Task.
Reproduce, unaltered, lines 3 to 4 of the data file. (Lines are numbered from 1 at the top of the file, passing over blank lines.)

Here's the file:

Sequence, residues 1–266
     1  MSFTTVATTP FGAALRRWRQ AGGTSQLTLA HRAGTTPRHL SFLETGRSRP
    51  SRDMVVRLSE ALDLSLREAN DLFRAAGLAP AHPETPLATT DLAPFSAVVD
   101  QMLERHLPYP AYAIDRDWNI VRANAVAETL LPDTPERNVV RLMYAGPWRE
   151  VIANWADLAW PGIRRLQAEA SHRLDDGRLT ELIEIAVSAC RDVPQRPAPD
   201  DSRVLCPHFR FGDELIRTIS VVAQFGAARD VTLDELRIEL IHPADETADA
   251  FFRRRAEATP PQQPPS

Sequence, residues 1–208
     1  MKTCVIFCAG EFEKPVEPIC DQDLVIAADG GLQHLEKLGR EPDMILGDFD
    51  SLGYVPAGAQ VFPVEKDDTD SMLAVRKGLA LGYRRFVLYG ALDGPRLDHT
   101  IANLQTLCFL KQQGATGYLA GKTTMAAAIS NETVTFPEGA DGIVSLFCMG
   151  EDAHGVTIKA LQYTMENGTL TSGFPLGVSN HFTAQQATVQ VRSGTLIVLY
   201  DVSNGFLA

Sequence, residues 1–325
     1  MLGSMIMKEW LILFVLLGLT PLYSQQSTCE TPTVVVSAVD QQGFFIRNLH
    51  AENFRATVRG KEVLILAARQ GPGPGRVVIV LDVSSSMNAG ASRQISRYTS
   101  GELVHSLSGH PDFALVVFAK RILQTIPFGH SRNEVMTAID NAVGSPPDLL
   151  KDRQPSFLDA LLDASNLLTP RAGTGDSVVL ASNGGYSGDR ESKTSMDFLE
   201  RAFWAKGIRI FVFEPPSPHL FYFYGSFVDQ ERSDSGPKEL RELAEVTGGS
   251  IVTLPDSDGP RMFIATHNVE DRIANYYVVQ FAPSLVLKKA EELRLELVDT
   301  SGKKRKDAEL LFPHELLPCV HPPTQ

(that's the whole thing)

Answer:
    51  SRDMVVRLSE ALDLSLREAN DLFRAAGLAP AHPETPLATT DLAPFSAVVD
   101  QMLERHLPYP AYAIDRDWNI VRANAVAETL LPDTPERNVV RLMYAGPWRE